Abstract: While social work education and literature includes a growing body of work focused on environmental justice and the role of social work in addressing environmental injustices, limited attention has been paid to the disproportionate impact of these issues in rural areas. Many rural places can be more accurately described as rural-industrial in character. They produce the world’s food through highly mechanized agro-businesses, its timber, and much of its fossil fuels through large mining and drilling operations, each presenting threats to the surrounding environment and local peoples. This work describes environmental issues and injustices common to select large-scale rural industries, discusses social work concerns related to these issues, and presents two case studies that can be used in social work education to promote critical thinking and social work problem solving at the individual, family, and community practice levels.
      PubDate: Tue, 10 Mar 2020 16:52:19 PDT
       
  • Rural Social Work in Scotland

    • Authors: Colin Turbett
      Abstract: The idea that social work in rural areas in Scotland might best be based on different approaches to those used in urban areas (where the vast majority of the population live) has received scant attention in recent years. There is a dearth of research on which to plan services that fit with such a notion. However, given the Scottish Government’s emphasis on community engagement, this is of interest. This Insight looks at the particularities of the rural context, the policy framework, and goes on to describe approaches that can be used to help social workers living and working in rural Scotland. These form a major part of Scotland’s landmass and are home to a number of Scotland’s local authorities and Health and Social Care Partnerships (HSCPs).
      PubDate: Thu, 27 Feb 2020 15:02:27 PST
       
  • Thinking Outside the Girl Box: Teaming Up with Resilient Youth in
           Appalachia

    • Authors: Rolanda L. Ward
      Abstract: The fortitude of an isolated community is lived through the words of the writers. While Spatig and Amerikaner sought to examine the cultural norms and experiences of girls in a community not on the radar of most, they were surprised to find themselves a part of the story. Their struggle with this unexpected development, ultimately leads the reader to the conclusion that community work is not only transformative for the youth who are served, but also the professionals who serve them, and the researchers who seek to work in partnership to record their journey. This text challenges social science researchers to see the Lincoln County community, not as participants, but as partners, and, at times, collaborative ethnographers.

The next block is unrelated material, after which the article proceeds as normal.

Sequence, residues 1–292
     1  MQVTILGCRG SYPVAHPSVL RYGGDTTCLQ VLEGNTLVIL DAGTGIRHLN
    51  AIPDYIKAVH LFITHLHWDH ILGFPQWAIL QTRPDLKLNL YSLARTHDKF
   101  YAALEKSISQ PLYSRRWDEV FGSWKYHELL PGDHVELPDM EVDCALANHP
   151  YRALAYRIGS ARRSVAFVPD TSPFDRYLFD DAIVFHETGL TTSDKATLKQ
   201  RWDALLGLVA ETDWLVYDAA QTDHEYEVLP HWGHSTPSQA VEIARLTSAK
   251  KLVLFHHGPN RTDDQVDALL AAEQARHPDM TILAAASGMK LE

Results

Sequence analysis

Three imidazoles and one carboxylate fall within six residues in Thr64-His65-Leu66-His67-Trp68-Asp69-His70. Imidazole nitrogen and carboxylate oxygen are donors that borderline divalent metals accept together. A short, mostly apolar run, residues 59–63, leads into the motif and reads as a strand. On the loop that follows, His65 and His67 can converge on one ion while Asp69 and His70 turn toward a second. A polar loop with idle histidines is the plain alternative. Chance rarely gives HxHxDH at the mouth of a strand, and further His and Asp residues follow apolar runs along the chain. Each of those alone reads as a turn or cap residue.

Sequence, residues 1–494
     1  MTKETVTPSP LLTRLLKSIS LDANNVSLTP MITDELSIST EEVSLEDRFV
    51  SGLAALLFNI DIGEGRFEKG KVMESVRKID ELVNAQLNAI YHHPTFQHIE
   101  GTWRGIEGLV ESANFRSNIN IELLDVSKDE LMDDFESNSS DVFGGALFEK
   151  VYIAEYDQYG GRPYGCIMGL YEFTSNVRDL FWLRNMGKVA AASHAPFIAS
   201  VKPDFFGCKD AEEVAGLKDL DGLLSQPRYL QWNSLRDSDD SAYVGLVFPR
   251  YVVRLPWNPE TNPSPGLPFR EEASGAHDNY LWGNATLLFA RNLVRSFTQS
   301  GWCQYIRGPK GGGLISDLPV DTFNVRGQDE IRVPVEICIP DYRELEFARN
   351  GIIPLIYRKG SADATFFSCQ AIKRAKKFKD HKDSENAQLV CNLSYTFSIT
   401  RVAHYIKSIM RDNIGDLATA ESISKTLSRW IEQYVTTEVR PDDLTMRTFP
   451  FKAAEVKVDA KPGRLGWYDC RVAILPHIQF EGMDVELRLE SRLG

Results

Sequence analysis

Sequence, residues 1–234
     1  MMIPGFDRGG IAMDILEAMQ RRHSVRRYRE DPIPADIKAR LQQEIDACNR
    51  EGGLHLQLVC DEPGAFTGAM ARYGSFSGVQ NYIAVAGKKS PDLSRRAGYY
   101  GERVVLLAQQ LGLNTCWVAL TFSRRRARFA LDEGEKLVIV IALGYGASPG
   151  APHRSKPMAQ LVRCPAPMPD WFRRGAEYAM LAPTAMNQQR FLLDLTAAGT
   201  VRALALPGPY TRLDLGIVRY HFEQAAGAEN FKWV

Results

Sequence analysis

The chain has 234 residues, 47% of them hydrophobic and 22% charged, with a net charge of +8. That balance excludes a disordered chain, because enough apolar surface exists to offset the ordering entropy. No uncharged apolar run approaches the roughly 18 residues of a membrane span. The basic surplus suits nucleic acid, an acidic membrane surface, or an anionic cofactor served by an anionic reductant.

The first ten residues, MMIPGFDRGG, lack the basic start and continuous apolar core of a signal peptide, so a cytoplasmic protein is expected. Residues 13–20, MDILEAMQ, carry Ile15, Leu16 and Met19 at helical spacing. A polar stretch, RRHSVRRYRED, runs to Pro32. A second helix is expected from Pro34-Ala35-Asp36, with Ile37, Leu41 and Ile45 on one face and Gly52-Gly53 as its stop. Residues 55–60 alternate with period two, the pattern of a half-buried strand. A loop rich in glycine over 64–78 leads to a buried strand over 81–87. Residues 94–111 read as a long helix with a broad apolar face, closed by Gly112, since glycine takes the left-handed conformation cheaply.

PubDate: Thu, 20 Feb 2020 17:22:15 PST
       
  • A Review of Literature: Identifying Barriers to Academic Success Among
           Students with Disabilities Attending College in Rural Regions

    • Authors: Kaycee Lynn Bills
      Abstract: College students who have disabilities are an oppressed population that faces many challenges related to accessibility barriers in higher education located in rural environments. The number of adults with disabilities attending college has been steadily increasing over the past decade. As the number of college students with disabilities continues to rise, it is essential for researchers to identify the barriers education attainment barriers they face in rural college settings. This study is a systematic review of literature that analyze past studies in order identify the challenges students with disabilities face in higher education settings located in rural regions. It also identifies gaps in prior disability research. A discussion is included that provides implications for future rural social work research and future directions.
      PubDate: Thu, 13 Feb 2020 15:57:59 PST
       
  • The impact of prescription pain reliever misuse and heroin use on
           morbidity and mortality by level of urbanicity: 2002-2014

    • Authors: M. Fe Caces et al.
      Abstract: Non-medical use of prescription pain relievers (PPRs), heroin, and more recently fentanyl, continue to have major public health consequences in the United States. This article analyzes trends in PPR and heroin use, emergency department and hospital stays, substance use treatment services, and mortality to assess the relative impact of the opioid crisis on rural versus more urbanized counties in the United States. Our findings suggest that while more urbanized counties have had greater increases in opioid use, rural and less urbanized counties tended to be more negatively impacted than larger and non-rural counties. Disparities in service availability highlight the need for a serious discussion on how resources are allocated in counties that have lower tax bases. Based on these results, we conclude that rural and less urbanized counties can benefit from real increases in resources for substance use prevention and treatment services, including the expansion of prescribers trained to screen and treat opioid use. Understanding the unique challenges of rural and less urbanized counties may help decrease the disparity in consequences found in this study.
      PubDate: Thu, 30 Jan 2020 18:58:08 PST